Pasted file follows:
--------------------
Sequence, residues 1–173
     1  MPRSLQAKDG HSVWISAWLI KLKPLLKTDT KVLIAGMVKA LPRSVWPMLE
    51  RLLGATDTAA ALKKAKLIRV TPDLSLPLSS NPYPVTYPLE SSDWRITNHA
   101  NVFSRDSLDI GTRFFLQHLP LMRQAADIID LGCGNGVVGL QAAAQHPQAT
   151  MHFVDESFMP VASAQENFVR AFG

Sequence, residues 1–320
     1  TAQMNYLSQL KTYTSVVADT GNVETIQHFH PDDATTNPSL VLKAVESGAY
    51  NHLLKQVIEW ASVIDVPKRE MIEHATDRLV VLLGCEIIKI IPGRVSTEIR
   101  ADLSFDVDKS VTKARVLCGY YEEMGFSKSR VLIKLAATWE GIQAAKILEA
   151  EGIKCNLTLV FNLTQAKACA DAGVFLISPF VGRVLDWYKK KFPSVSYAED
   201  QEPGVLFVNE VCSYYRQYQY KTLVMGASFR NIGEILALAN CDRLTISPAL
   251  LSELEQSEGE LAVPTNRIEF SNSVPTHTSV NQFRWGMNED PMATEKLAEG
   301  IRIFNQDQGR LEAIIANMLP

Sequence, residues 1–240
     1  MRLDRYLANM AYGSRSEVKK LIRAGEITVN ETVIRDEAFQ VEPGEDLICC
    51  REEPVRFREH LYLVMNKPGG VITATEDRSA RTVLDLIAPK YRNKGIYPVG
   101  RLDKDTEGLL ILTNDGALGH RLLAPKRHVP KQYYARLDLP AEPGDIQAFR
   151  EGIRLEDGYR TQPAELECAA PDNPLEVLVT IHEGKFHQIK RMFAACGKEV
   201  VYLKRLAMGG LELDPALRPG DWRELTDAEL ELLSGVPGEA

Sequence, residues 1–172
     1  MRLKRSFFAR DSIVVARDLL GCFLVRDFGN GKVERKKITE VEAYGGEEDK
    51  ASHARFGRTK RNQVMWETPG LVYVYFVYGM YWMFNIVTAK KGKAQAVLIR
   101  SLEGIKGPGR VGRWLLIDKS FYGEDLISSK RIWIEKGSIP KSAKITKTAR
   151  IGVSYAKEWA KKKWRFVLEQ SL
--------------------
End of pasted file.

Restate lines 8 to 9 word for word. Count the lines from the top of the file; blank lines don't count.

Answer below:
    51  NHLLKQVIEW ASVIDVPKRE MIEHATDRLV VLLGCEIIKI IPGRVSTEIR
   101  ADLSFDVDKS VTKARVLCGY YEEMGFSKSR VLIKLAATWE GIQAAKILEA